Bad Tourism Practices
Those engaged in the tourism sector on this small island must work together to ensure the overall success of the industry – and for the enjoyment of those who come here to enjoy what we have to offer. This tenet is generally accepted as the viable way forward.
It was therefore surprising to learn that several of Bali’s main tourism attractions have been acting unilaterally and without notice in advancing their own interests over others.
The decision by those running the Tanah Lot and Uluwatu temples, two of Bali’s best-known tourism sites, to dramatically increase their entrance fees, by 100 percent and more, is deplorable and has led to upset in the tourism sector, most notably a snub by the Association of the Indonesia Tour and Travel Agencies (ASITA), which will no longer carry the locations on its itinerates.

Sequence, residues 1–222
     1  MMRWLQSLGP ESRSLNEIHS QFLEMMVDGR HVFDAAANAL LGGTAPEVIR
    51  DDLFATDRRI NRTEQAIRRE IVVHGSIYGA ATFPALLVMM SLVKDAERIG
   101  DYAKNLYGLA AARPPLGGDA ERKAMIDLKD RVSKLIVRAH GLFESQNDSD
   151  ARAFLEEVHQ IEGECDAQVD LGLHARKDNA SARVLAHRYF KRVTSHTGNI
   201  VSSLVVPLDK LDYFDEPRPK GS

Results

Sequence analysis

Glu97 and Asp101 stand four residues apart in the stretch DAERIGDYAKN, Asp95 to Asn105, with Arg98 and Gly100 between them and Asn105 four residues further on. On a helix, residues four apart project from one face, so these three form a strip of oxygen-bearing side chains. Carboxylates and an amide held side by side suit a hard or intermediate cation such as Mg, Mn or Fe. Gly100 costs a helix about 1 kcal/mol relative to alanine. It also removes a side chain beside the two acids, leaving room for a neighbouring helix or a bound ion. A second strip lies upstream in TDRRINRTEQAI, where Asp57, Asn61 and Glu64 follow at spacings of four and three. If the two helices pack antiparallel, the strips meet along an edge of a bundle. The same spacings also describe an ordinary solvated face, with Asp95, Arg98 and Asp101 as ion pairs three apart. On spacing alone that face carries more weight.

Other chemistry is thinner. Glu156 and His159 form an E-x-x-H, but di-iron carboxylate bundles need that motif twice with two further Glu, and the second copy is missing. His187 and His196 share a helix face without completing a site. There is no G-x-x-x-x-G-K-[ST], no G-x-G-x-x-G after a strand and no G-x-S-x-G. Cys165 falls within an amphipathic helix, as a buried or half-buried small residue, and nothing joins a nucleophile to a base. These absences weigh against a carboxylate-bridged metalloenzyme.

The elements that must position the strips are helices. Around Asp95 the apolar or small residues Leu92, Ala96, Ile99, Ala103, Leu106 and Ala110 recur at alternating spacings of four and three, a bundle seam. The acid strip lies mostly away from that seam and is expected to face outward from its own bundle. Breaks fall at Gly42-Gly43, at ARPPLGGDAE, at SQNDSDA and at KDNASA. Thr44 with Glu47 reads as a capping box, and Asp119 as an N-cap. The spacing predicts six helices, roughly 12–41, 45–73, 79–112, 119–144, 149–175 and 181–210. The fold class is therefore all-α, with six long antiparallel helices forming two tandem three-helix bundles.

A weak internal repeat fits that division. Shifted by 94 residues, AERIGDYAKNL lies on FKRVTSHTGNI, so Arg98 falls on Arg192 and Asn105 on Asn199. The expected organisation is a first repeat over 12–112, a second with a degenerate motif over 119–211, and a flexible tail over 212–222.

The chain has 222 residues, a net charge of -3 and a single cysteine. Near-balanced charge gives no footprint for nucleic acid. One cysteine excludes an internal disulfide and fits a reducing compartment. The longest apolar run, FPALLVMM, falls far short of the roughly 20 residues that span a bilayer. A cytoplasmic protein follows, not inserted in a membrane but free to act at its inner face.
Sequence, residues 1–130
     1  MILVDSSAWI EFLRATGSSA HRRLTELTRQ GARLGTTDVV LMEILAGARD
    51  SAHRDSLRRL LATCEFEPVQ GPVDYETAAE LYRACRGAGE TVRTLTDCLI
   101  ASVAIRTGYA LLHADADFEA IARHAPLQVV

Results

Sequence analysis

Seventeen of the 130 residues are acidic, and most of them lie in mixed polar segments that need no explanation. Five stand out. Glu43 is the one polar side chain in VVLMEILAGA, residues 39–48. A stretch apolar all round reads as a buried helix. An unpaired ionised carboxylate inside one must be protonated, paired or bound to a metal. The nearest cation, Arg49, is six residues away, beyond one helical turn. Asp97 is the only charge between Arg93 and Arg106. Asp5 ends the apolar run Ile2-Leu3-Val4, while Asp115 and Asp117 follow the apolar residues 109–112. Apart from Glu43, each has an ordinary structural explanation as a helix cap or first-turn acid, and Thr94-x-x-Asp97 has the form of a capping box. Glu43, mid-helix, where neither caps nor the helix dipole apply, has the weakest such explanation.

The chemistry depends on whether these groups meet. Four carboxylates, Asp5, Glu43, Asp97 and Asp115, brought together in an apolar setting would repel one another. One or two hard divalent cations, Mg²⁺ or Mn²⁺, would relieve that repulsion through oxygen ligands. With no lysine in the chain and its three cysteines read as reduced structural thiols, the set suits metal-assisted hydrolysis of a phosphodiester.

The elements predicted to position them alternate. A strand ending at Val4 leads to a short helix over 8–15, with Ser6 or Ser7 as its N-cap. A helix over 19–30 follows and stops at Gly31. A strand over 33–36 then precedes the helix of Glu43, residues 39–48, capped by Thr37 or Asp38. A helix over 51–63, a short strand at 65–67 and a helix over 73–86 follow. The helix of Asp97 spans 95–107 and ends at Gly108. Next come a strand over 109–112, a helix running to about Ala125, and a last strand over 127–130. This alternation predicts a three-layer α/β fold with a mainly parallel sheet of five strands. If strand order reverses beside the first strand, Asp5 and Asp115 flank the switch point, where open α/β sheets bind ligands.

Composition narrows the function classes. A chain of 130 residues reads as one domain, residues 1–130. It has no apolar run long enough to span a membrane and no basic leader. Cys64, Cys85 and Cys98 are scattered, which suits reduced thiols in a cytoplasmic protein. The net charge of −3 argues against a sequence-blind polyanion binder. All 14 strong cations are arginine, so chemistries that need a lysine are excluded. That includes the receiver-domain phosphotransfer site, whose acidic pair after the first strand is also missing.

Tourists, domestic or international, should not be denied the chance to experience such wonders as these temples, because they are off-limits on their tour schedule, and neither should local communities have to suffer a fall-off in earnings because of lower visitor numbers, a likely scenario that the hikes threaten.
ASITA says it has been unable to get any explanation or reasoning from the local authorities about the sudden and steep entrance-fee increases and that it has been “ignored.” If this is the case, it amounts to extraordinarily bad tourism practices.
Bali’s economy, based mostly on tourism, has risen to new heights after being decimated by terrorist attacks a decade ago. We do not need damaging behaviour and infighting among elements of our tourism sector that will lead to harm and animosity.
Tanah Lot and Uluwatu temples owe it to everyone involved, including the people of their communities, to explain their injurious new pricing policy and engage in debate in order to resolve what has become an embryonic disaster.Filed under: Editorial